Their natural diet consists primarily of a wide range of different fruits; thus they play an extremely important ecological role as vectors for seed dispersal of fruiting trees.
Toucans get most of the water they need from the fruits they eat. Although captive birds need access to fresh water at all times -- especially since their diet includes pellets. They also require opportunities for bathing.
In the wild, they will also feed on bird eggs and occasionally small animals (including smaller birds and their nestlings, lizards and other small prey). During the breeding season, in particular, they will take large amounts of insects for protein.
Members of the toucan family are thriving on a diet of high-quality, low-iron pellets and fresh fruits. Pellets should make up about 50% of their diet - the other half being fresh fruits. They should be fed plenty of fresh fruits, such as papayas, cantaloupes and other melons, berries, grapes, apples and bananas. (Papayas in particular are amongst their favorites.) The fruits should be chopped up into bite-sized pieces (about 0.5 inch on each side). Any seeds (such as found in papaya or melons) should be removed as they can cause intestinal problems.
Toucans have frequently been observed throwing their heads back when eating small fruits, allowing the fruit to roll into their throats before swallowing.
Please be aware that certain dietary components may increase the storage of iron, including Vitamin C, ascorbic acid (citrus fruit) and sugar. Their liver accumulates too much iron resulting in iron storage disease, which is a common and serious health problem with toucans.
Since citric acid facilitates the absorption of iron, Jerry Jennings, President / Director of Emerald Forest Bird Gardens strongly recommends "against feeding any citrus fruit at all - not even in moderate amounts." Fruits high in citric acid are, for example, oranges, lemons, grapefruit, pineapple, limes and tomatoes.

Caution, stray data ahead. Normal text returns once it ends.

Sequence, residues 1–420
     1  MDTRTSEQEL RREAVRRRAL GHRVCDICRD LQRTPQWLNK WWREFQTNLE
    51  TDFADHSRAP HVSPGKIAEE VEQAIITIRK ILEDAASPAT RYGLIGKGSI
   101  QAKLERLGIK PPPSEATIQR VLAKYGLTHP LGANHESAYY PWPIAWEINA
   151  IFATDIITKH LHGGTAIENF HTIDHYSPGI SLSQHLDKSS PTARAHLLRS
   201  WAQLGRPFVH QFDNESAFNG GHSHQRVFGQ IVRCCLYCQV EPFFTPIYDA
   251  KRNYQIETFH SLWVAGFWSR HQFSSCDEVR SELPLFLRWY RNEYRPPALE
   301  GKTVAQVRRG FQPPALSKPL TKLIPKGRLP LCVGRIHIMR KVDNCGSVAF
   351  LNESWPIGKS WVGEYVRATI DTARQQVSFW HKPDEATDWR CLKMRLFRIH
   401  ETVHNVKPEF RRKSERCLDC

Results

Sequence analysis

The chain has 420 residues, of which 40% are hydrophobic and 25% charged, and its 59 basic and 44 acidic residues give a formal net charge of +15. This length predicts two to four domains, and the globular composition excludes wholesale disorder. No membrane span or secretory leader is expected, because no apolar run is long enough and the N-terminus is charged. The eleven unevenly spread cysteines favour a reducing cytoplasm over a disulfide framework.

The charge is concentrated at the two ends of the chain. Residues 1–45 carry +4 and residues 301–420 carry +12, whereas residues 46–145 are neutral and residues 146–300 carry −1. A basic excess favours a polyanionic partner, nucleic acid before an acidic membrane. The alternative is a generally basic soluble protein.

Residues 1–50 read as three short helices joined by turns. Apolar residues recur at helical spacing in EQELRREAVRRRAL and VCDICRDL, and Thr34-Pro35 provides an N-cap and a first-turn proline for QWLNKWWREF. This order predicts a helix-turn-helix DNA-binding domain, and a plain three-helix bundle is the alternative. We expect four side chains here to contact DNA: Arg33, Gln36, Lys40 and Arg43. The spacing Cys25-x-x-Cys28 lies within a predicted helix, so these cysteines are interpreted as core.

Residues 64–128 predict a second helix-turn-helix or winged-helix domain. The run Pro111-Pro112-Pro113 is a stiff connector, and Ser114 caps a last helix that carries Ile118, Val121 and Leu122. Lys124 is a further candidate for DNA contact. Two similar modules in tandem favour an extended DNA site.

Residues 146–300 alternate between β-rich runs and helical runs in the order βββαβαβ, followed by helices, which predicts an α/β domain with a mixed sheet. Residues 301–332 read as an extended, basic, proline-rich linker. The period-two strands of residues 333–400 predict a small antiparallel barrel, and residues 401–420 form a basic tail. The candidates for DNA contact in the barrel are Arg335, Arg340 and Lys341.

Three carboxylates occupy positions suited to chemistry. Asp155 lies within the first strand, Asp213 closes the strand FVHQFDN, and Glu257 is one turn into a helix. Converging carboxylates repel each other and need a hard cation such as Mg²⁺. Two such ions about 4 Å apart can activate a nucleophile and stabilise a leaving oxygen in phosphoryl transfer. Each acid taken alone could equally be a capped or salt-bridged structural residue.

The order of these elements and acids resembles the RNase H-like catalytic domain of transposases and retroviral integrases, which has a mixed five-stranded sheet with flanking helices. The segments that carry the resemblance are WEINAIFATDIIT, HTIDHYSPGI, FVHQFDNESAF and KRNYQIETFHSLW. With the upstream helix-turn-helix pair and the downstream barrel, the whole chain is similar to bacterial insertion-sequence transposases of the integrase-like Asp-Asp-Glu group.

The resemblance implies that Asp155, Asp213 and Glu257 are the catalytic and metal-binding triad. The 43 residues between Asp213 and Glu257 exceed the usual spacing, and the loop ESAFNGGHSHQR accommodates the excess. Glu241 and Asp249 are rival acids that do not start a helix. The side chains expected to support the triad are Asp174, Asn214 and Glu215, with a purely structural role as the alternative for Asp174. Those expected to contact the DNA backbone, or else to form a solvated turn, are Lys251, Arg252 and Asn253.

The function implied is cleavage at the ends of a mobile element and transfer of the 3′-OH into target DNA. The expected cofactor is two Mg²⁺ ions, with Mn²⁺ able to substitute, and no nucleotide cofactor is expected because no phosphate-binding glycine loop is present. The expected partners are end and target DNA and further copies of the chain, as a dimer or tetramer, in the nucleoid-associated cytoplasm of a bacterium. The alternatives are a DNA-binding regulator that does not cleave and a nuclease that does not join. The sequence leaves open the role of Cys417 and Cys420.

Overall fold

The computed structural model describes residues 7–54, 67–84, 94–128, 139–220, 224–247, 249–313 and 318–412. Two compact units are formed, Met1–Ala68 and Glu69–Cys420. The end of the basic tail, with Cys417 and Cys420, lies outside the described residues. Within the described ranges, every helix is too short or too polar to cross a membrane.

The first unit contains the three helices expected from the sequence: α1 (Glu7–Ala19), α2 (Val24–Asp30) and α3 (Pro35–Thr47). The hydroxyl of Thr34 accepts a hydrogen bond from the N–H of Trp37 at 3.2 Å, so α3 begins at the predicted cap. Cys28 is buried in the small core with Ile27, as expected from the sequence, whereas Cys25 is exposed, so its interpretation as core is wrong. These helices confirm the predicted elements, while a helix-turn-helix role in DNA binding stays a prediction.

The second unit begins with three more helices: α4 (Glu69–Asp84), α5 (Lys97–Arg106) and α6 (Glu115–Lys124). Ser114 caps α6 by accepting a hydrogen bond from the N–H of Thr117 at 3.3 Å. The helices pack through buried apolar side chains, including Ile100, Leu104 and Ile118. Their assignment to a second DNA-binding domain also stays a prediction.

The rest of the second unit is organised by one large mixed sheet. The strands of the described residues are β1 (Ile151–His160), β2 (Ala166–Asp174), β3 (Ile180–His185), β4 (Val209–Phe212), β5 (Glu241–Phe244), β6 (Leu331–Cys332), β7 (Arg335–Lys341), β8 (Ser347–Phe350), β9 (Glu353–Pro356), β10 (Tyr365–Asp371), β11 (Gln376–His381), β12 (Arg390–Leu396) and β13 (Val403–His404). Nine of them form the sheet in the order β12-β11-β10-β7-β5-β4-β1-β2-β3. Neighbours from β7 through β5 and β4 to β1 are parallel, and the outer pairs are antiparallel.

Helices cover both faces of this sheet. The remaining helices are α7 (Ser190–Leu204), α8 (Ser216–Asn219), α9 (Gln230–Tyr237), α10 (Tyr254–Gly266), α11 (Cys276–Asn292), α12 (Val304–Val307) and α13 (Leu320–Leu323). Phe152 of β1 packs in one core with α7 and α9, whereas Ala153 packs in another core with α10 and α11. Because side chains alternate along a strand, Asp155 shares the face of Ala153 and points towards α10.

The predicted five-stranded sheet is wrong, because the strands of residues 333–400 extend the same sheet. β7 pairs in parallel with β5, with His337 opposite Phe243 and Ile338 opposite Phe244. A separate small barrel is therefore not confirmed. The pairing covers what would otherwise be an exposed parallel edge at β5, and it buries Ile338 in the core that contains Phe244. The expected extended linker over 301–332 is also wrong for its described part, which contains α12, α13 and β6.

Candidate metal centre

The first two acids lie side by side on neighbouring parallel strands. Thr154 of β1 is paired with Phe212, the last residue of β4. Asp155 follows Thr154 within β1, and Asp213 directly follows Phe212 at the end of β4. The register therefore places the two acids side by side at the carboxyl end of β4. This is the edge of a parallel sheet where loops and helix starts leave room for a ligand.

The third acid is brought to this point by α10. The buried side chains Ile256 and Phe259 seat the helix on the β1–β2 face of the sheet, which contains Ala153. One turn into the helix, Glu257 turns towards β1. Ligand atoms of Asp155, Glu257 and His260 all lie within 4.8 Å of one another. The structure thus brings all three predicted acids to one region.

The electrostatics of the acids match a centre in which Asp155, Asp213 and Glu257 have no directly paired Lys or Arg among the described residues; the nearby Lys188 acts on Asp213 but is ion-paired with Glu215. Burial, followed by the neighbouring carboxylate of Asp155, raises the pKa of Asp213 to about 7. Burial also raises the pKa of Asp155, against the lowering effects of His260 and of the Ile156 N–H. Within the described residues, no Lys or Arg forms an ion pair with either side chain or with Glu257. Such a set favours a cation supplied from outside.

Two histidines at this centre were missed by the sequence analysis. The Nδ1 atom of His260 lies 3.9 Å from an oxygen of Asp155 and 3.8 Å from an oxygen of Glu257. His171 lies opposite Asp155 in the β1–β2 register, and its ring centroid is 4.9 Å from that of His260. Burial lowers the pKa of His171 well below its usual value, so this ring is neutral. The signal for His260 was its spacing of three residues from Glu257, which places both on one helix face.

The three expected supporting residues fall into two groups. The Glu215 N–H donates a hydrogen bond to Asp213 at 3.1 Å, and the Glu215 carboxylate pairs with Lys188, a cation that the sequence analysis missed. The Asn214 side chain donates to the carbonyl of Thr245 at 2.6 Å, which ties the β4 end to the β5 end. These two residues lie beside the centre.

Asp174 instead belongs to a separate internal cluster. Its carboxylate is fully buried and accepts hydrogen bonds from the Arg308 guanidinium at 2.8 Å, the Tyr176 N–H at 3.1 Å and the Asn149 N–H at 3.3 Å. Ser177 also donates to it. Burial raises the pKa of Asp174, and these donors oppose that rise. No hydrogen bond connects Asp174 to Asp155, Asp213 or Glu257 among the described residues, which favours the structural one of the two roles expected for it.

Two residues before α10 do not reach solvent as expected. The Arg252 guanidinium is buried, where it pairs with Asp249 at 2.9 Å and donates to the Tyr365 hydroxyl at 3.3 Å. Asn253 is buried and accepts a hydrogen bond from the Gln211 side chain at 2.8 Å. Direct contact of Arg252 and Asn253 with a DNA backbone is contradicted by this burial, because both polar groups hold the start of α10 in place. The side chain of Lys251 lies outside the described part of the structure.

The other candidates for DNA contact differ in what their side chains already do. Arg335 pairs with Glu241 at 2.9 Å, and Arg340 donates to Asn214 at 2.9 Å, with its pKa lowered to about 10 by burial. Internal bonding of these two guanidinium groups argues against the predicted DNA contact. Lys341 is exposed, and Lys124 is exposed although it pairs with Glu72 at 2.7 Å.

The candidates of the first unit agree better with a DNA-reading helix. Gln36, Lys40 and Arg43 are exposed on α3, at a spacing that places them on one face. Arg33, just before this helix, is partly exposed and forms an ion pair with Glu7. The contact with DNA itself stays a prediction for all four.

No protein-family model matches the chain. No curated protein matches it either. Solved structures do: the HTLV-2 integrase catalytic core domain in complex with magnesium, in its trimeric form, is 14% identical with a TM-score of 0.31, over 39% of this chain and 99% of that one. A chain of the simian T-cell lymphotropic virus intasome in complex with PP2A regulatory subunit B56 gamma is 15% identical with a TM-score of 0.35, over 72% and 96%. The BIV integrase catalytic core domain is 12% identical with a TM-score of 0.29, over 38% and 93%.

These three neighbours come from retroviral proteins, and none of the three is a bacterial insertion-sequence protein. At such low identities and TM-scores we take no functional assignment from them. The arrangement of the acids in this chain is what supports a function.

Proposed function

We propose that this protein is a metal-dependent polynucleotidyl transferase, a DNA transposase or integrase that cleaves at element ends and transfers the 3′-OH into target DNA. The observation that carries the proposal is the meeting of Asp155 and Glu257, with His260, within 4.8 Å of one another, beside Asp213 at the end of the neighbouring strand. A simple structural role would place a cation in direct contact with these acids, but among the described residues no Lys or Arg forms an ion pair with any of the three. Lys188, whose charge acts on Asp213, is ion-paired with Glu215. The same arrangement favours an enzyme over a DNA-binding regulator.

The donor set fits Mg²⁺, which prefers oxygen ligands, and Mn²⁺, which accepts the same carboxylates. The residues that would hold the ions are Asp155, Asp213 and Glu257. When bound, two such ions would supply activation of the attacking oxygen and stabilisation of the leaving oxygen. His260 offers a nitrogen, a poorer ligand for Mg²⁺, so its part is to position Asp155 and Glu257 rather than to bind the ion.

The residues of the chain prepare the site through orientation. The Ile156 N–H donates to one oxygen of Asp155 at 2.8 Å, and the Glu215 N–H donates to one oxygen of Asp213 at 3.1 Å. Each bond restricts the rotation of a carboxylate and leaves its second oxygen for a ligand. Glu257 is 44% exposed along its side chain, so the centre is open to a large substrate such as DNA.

Red meat or any other meat should not be fed either (high in iron). He states that the iron in their diets comes mainly from the pellets they are fed, so low iron pellets should be provided. Jerry Jennings feeds "Mazuri because it is both low in iron and high in betacarotenes, and the quality control Mazuri practices is the best." (Should be available in better bird stores, as well as online.)
If Mazuri isn't available in your area, a good quality formulated (low-iron) softbill food (in addition to plenty of fresh fruit) should be fed. It is important that the formulated diet does not contain propylene glycol - a liquid derived from natural gas that is used in antifreeze and de-icing solutions, as well as skin-care products. Unfortunately, it is also added to many formulated pet diets (birds, dogs, cats). This chemical can cause serious and potentially irreversible health conditions, including death.
The pellets and fruits should be offered in separated dishes twice a day. It is important to wash the dishes very carefully before each feeding, as bacteria grow quickly in this high-sugar and moist environment. It is easiest to have several sets of dishes, place used dishes into the dishwasher for cleaning, and use fresh sets of dishes for each feeding.
During the breeding season, crickets are typically added to meet their increased need for protein.
Seeds should not be fed as their digestive tracts are not designed to digest seeds. Toucans will lose weight and eventually starve to death if kept on an all- or mostly seed diet.
Note: Birds that are fed a formulated diet do not need supplementation with vitamins. Excess nutrients (particularly synthetics) can be harmful to their health.
Keep a fresh, clean source of water available for your toucan at all times. Many toucans will use this dish primarily for bathing, but they do drink from time to time as well.
Toucan Trivia: Unexpected, Interesting and Fun Facts about the Toucan Family of Birds
Species Research by Sibylle Johnson
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